Just as the industry has got used to programmatic trading, it seems like it’s ready to tear it all down again with the introduction of header bidding. Tech firms as large as AppNexus and Amazon are building solutions, and some people are calling it future of programmatic. But how exactly does this new technology work, and why has it got everyone talking?
To understand header bidding, you first have to be aware of the inefficiencies that currently exist in most programmatic set ups. Once a publisher with available ad space on its website has fulfilled any direct-sale ads (ones that have been negotiated by its own sales team), the remaining ad space is made available through an ad server, most often Google’s DoubleClick for Publishers (DFP). This is what’s known as the ‘waterfall’ sequence, and while it takes place in a matter of milliseconds, it has a huge impact on publishers and advertisers.
The unsold inventory that is available is offered to the top-ranked ad exchange first. If still unsold, it’s passed on to second-ranked exchange, and so on until the ad is eventually sold. The longer this ‘waterfall’ continues, the more ad exchanges are involved and the slower a page will load.
One of the key inefficiencies in this system is the way in which these ad exchanges, or ‘demand sources’, are ranked, and therefore which ones get first refusal on programmatic inventory. Usually, buying volume is the key deciding factor, with the biggest buyer going first, but the biggest buyers aren’t necessarily the ones that will pay publishers the highest amount for that ad space.
On top of that is Google’s domination of the process. Many publishers who use DFP’s ad server use a setting that guarantees Google’s own Ad Exchange (AdX) the final bid on any and all inventory, enabling Google to outbid any other exchange by as little as a penny on CPM basis. This setting is supposed to maximise yield for publishers, but it also puts AdX in a privileged position ahead of its competitors.
Years of this biased system have meant that publishers and ad tech firms who traditionally find themselves at the lower end of the waterfall are eager to see the programmatic status quo disrupted, and that’s just what header bidding promises to do.
Header bidding does away with the waterfall system entirely and lets websites solicit simultaneous auctions from every bidder, from the biggest ad exchange to the smallest, with the ad space going to the demand source willing to pay the highest price.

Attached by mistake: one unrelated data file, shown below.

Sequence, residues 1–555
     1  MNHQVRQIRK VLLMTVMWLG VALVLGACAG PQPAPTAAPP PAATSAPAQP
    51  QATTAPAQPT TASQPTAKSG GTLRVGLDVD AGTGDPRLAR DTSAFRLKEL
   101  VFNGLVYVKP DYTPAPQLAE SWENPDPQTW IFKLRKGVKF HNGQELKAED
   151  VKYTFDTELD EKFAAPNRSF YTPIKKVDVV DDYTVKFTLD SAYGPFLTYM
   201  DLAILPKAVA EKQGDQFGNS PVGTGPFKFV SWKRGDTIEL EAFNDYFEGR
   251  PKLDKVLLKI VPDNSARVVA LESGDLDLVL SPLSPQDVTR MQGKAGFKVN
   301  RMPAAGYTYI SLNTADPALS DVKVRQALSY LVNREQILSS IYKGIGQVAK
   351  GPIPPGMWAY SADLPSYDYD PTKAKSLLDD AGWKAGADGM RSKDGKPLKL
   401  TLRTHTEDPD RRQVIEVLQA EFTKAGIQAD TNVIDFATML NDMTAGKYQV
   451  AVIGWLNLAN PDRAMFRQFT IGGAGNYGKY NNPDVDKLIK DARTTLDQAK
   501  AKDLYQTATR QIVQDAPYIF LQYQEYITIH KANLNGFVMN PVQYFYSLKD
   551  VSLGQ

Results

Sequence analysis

The result of this is higher yields for publishers, who are now forcing even the largest ad exchanges to compete for every impression they offer, and better ad inventory for advertisers, who have a chance to access impressions they never would have before. The process also avoids Google’s ‘final word’ with AdX, fighting back against the search giant’s domination of the ad chain.
“Header bidding has been nothing short of revolutionary for publishers,” says James Prudhomme, managing director for EMEA at Index Exchange. “As a method to integrate web pages with the programmatic marketplace, it has brought transparency to a previously murky eco-system, has eradicated the black box SSP model in favour of open and transparent exchanges, and has ultimately increased publisher yields by as much as 35 per cent.”
Depending on who you talk to, adopting header bidding technology can boost CPM rates by up to 50 per cent, so it’s easy to understand why publishers are rushing to embrace the technology, especially in the age of ad blocking. However, even though the technology has been around for almost five years, it’s still in its infancy as far as publisher integration goes, and not without its challenges.
Programmatic’s Wild West
The traditional programmatic system, with its waterfalls and uneven distribution of power, has been fine-tuned and polished over the past decade, and while inefficiencies exist within the system, the tools used to create and maintain the system are standardised, with industry bodies that regulate how they are deployed and plenty of guidance available for publishers.